1. Why you have selected the program to which you are applying?
  2. Describe your personal and professional experiences with diverse populations, referencing at least three of the following dimensions of diversity: age, class, ethnicity, gender, mental/physical ability, race, religion, or sexual orientation.
  3. Describe your professional goals, future professional plans, and academic interests.

Once you have completed the internal application form, personal statement and GRE (MS applicants only) and submitted all materials to the Public Health Office in room 202 at 344 White Hall, you will meet with the Graduate program director, or designee, to determine eligibility for internal admission.

It is the applicant’s responsibility to obtain signatures from their current department prior to submitting the application and supporting materials. Applicants from the School of Education must also obtain the signature of Amy Redmond before forwarding the form to the new department. There is no application fee for an internal application.

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Addiction Studies Minor

This 19-21 credit minor in Addiction Studies prepares students for employment in addiction prevention programs and services. Upon completion of the minor, students will have met the New York State Office of Alcoholism and Substance Abuse Services (OASAS) education training requirements for Credentialed Prevention Specialist (CPS) and Credentialed Prevention Professional (CPP). Supervised work experience (2,000 hours for CPS; 4,000 hours for CPP) and a passing score on the International Certification and Reciprocity Consortium (ICRC) exam is required before full certification is awarded by OASAS.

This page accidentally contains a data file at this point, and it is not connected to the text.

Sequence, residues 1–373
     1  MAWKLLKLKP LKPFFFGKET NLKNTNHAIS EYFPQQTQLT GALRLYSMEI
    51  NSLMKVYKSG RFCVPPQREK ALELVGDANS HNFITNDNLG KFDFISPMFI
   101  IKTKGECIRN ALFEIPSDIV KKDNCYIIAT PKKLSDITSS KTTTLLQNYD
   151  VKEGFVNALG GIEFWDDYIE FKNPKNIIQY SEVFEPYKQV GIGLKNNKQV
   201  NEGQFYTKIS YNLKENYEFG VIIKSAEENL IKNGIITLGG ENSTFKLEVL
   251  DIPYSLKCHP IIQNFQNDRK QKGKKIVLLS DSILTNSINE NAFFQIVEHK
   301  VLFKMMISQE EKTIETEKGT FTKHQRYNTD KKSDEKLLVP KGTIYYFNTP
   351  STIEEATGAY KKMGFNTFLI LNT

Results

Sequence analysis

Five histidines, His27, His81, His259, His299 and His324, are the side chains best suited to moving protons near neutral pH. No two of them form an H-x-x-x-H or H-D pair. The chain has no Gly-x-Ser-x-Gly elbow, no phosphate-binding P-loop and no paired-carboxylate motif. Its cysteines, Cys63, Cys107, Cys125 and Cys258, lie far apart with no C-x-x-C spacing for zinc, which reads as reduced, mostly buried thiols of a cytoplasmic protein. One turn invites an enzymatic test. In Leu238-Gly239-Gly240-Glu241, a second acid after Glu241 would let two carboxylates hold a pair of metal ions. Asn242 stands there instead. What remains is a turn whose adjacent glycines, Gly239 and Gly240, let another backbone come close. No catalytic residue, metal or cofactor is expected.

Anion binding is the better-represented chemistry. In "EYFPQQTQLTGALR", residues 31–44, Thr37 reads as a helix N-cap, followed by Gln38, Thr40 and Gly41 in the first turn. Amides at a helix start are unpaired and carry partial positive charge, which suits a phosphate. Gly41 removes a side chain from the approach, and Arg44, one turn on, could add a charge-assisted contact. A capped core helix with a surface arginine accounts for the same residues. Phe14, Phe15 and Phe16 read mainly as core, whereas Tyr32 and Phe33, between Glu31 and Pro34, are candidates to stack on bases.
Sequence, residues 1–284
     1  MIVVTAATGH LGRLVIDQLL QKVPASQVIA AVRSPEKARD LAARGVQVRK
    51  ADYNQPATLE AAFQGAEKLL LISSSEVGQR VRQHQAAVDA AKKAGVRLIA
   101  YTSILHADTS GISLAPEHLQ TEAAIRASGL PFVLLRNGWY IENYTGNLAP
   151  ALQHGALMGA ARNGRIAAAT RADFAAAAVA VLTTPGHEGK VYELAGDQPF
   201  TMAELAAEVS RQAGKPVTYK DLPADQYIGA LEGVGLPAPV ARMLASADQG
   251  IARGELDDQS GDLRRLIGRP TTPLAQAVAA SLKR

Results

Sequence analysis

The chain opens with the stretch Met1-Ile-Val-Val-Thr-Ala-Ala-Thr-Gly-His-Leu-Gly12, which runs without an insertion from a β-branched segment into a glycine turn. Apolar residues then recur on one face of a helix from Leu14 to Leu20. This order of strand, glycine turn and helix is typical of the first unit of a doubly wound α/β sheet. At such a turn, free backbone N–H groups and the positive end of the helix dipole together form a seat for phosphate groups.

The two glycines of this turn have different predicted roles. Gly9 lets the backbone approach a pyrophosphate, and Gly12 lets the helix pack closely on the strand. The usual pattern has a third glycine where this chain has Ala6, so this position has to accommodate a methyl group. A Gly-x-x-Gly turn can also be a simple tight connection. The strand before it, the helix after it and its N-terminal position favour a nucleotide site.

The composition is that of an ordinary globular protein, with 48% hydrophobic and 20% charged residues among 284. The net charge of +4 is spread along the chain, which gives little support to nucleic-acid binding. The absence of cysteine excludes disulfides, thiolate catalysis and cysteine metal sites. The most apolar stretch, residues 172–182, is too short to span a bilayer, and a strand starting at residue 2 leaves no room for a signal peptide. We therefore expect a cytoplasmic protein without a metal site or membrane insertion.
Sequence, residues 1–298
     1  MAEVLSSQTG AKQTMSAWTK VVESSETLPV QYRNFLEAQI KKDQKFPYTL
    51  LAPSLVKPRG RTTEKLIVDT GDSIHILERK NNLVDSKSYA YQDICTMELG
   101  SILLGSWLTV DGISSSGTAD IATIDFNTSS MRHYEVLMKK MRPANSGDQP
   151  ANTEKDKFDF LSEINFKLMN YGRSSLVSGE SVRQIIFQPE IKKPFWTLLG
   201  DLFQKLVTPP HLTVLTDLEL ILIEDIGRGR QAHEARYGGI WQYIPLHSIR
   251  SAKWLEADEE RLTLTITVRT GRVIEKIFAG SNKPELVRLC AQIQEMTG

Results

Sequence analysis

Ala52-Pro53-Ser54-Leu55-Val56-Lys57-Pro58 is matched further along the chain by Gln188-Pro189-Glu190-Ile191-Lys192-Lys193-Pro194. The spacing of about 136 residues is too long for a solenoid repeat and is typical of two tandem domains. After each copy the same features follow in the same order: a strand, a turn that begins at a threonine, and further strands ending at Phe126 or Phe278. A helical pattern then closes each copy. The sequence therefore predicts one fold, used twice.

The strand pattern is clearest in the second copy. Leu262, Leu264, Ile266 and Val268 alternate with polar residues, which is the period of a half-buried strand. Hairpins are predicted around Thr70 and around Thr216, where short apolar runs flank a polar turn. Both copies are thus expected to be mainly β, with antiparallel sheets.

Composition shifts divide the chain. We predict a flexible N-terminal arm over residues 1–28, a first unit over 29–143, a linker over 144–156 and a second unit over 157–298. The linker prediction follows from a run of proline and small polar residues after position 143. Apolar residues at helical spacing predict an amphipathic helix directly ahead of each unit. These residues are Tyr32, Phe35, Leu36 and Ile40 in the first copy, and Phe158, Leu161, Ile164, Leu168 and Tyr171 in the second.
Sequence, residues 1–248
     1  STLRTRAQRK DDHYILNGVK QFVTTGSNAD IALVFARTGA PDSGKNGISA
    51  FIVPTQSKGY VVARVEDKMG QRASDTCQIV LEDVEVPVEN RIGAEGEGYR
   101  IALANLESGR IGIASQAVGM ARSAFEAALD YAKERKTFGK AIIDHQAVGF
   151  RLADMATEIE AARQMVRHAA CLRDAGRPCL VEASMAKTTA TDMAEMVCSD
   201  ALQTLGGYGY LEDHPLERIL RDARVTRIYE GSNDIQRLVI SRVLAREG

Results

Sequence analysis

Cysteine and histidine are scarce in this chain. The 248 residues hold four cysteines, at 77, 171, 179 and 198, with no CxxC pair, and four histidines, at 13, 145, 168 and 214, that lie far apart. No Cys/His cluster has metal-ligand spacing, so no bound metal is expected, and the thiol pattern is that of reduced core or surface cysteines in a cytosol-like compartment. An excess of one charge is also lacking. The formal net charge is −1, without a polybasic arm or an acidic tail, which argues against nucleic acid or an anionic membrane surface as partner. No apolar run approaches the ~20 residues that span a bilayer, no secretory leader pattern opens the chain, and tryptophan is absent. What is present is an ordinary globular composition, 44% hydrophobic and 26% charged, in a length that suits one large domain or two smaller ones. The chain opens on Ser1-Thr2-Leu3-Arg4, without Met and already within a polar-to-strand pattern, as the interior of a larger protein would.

There have been numerous reports documenting the need for a better educated and prepared workforce in the fields of addictions including the recent 2013 Report to Congress on the Nation’s Substance Abuse and Mental Health Workforce Issues and the preceding Report to Congress: Addictions Treatment Workforce Development, and Strengthening Professional Identity: Challenges of the Addictions Treatment Workforce. These issues are made more urgent with the passage of the Affordable Care Act (ACA) and the enforcement of the Mental Health Parity and Addiction Equity Act (HP AEA) which move toward more integrated primary and behavioral health care and necessitate adequately trained healthcare professionals. The ACA and HP AEA will provide access to healthcare for those with behavioral health conditions and will require additional training for primary care providers as well as new specialty practitioners as part of the multi-disciplinary teams. In addition to the identified need for more counselors and a better-trained workforce in substance abuse treatment there is a need for addictions informed professionals working in public health, public policy, education, and medicine, among many others. The U.S. Office of National Drug Control Policy (ONDCP) revised their national strategies to promote evidence-based public health and safety initiatives focusing on key areas such as substance abuse prevention, treatment, and recovery. The Centers for Disease Control and Prevention (CDC) view alcohol and other drug use as a major public health problem increasing risks for injuries, violence, and diseases. Within the National Institutes of Health there are multiple divisions dedicated to the prevention and treatment of substance abuse including, but not limited to, the National Institute of Drug Addiction (NIDA), the National Institute on Alcohol Abuse and Alcoholism (NIAAA), the Substance Abuse and Mental Health Services Administration (SAMHSA), the Center for Substance Abuse Prevention (CSAP), and the Center for Substance Abuse Treatment (CSAT).  For providers in New York State go to Alcoholism and Substance Abuse Providers in New York State.